Ha! I was brought in to produce the Butthole Surfers’ 1993 album, Independent Worm Saloon. I guess it was to give it a heavy rock vibe, but it didn’t work like that. They were actually incredibly hard-working in the studio, but I do recall running up a phenomenal bar-bill at the San Rafael studio. And then there was Gibby [Haynes, Butthole Surfers’ frontman] and his… eccentric studio behaviour. Gibby did one vocal take shouting into his guitar. He held it out in front of his face and screamed at it. Ha! He was trying to find out if it picked up through the pick-ups, which it kind of did. And that was pretty good.
How’s the violin coming along?
I started about three years ago. With the guitar, or the piano, you can sound OK quite quickly. With the violin, it takes much longer. Once you get past the first six months of scraping, of muttering to yourself, “What is this fucking horrible noise on my shoulder?” you get the odd musical bit, and you think, ‘Oh, this is starting to get good.’ And you continue with it for a while. I’m getting into country fiddle playing, Celtic folk songs, a bit of swing. Basic stuff, but very satisfying.
Why not record a second Automatic For The People with REM?
Franz Greul, Austria
They haven’t asked me! But doing the string arrangements for that album was a great experience, actually. They sent me the demos of their songs, and we went into a studio in Atlanta, with members of the Atlanta Symphony Orchestra. They were great songs, something you can really get your teeth into as an arranger. And I’ve been good friends with them ever since.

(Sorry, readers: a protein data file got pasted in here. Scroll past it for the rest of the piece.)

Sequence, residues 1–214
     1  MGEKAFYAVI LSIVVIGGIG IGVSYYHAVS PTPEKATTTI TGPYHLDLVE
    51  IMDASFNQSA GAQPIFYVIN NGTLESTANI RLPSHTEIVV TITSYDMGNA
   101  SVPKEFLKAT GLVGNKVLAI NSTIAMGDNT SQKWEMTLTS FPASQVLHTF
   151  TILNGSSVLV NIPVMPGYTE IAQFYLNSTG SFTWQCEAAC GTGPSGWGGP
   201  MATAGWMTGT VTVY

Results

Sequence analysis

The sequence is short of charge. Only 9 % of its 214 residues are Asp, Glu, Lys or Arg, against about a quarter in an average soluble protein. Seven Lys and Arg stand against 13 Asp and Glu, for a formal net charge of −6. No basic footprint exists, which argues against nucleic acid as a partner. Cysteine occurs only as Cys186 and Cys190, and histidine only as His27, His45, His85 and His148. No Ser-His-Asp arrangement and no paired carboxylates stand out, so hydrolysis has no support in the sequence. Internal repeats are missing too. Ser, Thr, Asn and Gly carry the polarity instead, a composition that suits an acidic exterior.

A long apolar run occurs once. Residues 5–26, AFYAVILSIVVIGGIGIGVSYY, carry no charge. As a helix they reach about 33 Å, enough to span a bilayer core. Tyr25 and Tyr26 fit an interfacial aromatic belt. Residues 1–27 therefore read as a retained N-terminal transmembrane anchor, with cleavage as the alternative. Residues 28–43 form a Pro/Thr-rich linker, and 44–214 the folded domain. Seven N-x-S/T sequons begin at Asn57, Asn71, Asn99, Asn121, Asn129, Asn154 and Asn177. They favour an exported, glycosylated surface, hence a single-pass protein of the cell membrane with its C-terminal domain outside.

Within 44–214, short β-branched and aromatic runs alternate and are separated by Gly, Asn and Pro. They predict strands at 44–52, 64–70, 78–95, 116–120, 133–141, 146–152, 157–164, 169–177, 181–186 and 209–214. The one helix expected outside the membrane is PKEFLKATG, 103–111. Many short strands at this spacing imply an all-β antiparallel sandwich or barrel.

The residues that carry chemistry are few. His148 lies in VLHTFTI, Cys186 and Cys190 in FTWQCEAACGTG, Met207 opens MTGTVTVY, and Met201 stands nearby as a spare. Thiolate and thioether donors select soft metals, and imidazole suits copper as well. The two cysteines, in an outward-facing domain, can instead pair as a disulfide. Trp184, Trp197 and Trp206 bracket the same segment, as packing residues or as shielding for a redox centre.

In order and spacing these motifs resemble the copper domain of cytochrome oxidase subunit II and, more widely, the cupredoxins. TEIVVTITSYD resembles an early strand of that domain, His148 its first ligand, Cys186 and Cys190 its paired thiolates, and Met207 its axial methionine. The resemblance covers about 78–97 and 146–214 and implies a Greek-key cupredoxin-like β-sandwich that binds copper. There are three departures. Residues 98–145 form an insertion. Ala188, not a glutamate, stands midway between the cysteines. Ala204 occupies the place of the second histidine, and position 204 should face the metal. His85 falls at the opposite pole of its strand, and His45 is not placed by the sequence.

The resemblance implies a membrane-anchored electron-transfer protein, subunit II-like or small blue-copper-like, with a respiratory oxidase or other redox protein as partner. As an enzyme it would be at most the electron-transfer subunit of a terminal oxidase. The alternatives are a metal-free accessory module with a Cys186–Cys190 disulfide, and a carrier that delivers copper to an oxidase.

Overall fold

How did you first meet Josh Homme? And is he still a notorious party monster?
Rob Hirst, Kippax, Leeds
Well, I think we’ve all calmed down rather a lot. Dave introduced me to Josh at his 40th birthday party. It was a ridiculous themed place where they have jousting with knights. As Dave said, it was like somewhere you’d have your 14th birthday party. Or maybe even your 4th. Anyway, Dave sat Josh and I together for a blind date. Which was reasonably embarrassing for both of us, surrounded by people going “prithee this” and challenging each other to duels. But we survived the trauma and went into the studio the next day, and just started jamming. And I knew immediately it was going to be something special.